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When the mayor returns from his rehab break on Monday, the attention of the city, the country and even the world will be drawn once again to our infamous civic leader. His notoriety is so great that the first thing many outsiders think of when they hear the word Toronto is Rob Ford.

Well, here is a message to the world: Toronto is not Rob Ford. Toronto is more than that.

Toronto is the soaring glass and steel of a downtown reaching for the clouds. Toronto is the Royal Bank towers gleaming gold in the sunshine. Toronto is the skyline after dark seen from the Island ferry on a soft summer night. Toronto is the cool modernist majesty of the Toronto-Dominion Centre. Toronto is the spire of the CN Tower, a symbol of urban ambition calling us to aim higher. Toronto is the stone staircases circling weathered totem poles at the ROM.

Toronto is festivals of beer, fringe theatre, documentaries, dance, jazz, Japanese film. Toronto is 99 public libraries, soon to be 100. Toronto is 1,600 parks and 51 artificial ice rinks. Toronto is skating circles at City Hall under the lights as the bells of Old City Hall toll the hour.

Toronto isn't Rob Ford. Toronto is more than that.

Toronto is the glow of the poplars on the Islands in the slanting late-afternoon light. Toronto is the sound of the Rouge River as it hurries down to the lake. Toronto is a group of cormorants skimming like black wraiths over the flat water of the outer harbour. Toronto is the Don Valley in its autumn colours.

Toronto is a trio of teenaged girls linking arms as they dodge in and out of stores in the Eaton Centre. Toronto is a Chinese-speaking man cooling his bare feet in the reflecting pool at Nathan Phillips Square as his small daughter playfully loops her frilly red purse over his shoulder. Toronto is the café in Kensington Market advertising "vegan mocha."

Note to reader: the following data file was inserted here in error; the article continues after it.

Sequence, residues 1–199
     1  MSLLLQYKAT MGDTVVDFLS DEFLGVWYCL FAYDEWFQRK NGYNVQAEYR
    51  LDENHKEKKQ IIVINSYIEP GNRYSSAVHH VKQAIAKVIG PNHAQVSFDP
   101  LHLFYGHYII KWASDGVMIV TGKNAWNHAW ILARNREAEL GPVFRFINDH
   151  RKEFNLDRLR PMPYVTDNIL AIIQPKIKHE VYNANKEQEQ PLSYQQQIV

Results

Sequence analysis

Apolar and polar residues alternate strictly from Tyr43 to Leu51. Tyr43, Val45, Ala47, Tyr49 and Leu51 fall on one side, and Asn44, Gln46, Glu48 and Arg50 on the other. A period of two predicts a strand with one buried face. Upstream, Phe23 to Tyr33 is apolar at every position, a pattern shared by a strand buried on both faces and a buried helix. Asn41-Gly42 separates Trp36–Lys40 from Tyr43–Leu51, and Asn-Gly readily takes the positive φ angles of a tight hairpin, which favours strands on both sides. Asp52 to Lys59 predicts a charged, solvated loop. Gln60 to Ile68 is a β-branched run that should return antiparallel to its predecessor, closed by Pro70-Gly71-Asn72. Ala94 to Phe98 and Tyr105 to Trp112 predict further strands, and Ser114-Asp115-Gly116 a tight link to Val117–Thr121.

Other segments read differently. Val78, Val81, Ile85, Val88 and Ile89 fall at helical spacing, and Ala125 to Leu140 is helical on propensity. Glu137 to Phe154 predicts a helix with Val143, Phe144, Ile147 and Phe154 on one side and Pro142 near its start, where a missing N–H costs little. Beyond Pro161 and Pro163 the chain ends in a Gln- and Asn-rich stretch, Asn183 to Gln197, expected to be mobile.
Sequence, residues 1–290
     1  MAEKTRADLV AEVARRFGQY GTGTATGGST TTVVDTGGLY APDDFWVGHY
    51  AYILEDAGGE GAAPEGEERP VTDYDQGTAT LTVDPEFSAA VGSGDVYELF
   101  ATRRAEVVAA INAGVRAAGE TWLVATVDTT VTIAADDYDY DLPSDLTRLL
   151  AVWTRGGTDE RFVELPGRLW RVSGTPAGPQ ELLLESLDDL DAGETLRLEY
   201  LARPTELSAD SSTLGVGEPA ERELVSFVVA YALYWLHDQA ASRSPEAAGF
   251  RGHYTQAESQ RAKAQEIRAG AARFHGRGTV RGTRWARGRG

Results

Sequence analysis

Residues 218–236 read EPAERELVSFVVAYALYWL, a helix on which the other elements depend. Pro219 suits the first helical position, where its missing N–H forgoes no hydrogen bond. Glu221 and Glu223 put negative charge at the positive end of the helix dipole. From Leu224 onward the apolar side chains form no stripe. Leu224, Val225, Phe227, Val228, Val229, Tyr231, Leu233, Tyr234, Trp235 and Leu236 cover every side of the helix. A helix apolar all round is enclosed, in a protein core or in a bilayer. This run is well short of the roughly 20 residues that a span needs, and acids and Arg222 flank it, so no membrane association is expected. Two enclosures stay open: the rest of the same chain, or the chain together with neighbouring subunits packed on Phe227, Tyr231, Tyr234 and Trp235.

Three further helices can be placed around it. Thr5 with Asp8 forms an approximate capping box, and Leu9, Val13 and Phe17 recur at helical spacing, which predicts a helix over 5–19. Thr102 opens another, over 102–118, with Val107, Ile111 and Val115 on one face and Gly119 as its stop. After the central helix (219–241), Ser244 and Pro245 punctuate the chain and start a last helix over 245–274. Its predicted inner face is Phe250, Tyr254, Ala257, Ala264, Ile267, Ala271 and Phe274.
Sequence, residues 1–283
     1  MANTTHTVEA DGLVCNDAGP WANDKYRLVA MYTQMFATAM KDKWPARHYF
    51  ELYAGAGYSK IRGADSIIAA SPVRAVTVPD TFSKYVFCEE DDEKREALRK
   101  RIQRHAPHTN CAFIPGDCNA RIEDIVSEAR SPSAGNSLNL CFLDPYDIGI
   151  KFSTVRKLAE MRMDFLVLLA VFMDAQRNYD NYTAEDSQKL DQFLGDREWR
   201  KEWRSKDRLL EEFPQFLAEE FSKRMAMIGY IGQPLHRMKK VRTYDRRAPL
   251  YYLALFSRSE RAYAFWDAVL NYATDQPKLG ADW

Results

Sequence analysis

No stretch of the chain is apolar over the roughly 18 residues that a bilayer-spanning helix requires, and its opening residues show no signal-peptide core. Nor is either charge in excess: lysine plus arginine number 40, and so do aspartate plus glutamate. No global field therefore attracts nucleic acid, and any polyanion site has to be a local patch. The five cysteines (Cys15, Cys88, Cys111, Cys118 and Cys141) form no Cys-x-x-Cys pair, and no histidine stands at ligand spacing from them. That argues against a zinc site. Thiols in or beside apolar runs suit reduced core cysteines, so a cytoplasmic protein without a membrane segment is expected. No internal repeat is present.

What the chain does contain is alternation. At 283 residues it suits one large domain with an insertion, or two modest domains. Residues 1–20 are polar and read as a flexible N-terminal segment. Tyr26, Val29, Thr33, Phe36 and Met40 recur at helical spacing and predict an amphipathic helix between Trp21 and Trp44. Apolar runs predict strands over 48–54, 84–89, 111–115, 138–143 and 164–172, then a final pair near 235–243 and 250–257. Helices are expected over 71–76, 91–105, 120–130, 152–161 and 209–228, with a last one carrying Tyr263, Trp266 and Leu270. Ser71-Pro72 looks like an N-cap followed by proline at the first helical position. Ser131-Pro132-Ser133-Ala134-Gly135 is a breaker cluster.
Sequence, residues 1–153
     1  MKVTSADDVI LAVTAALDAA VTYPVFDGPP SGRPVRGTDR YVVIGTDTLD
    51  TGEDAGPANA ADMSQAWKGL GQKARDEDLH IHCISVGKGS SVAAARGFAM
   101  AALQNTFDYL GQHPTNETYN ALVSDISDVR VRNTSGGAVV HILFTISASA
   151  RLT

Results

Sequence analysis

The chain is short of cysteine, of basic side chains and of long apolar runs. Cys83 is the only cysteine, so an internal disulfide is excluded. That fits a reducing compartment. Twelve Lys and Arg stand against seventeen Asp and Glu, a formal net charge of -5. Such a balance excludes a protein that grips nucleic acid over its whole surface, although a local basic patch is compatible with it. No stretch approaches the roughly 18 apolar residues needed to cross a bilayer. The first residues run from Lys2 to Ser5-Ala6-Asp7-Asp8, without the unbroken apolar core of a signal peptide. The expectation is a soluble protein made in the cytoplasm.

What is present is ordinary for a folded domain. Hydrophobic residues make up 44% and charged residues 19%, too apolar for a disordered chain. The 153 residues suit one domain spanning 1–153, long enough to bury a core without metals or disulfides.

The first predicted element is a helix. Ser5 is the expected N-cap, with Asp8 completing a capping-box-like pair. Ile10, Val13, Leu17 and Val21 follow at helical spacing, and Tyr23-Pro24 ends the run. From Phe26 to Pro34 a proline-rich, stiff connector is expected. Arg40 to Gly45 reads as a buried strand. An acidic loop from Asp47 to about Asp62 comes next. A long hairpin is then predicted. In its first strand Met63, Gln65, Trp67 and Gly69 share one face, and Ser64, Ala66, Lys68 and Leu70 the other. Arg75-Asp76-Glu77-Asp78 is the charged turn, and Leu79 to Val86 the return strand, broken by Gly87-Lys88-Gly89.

Toronto isn't Rob Ford. Toronto is more than that.

Toronto is more than 100 same-sex couples getting married in the sun at Casa Loma. Toronto is the woman waiting at the streetcar stop in black head scarf and wrap-around sunglasses, Mountain Equipment Co-op backpack slung over her shoulder.

Toronto is the young woman with a yoga mat, hiking boots and ukelele rushing to the bus station bound for who knows where. Toronto is the old woman pushing her bundle-buggy full of bok choy through old Chinatown. Toronto is the hipsters sprawled drinking beer on the weedy lawn at Trinity-Bellwoods Park, cheerfully breaking the law.

Toronto is the guy picking his screaming, laughing girlfriend off her feet and threatening to douse her in the fountains at Yonge-Dundas Square. Toronto is the women on impossible heels ruling the night in Clubland. Toronto is the smell that comes off the asphalt when it rains.

Toronto isn't Rob Ford. Toronto is more than that.

Toronto is the rush that comes from whizzing along the Gardiner Expressway, skyscrapers to one side, sparkling harbour to the other (when the traffic is moving). Toronto is the agony of a million traffic jams now and the ecstasy of knowing something is finally getting built in this town. Toronto is the vertigo that comes from sitting in the golds for a Jays game or the unnatural quiet in the stands at a Leafs game. Toronto is the big-city buzz of the crowd as it streams out of the downtown stadiums toward the subway.

Toronto isn't Rob Ford. Toronto is more than that.

Toronto is the electric hum of a streetcar as it accelerates along Queen Street West – and the hiss of brakes as it slows for some guy turning left in an old Buick. Toronto is the young Samaritan on the rush-hour subway who mildly urges everyone to "scoot along" the car a bit so those on the platform can get on board. Toronto is the echoing vault of that cathedral of transport, the Great Hall at Union Station.

No, Toronto isn't Rob Ford. Toronto is more than that – much more than that.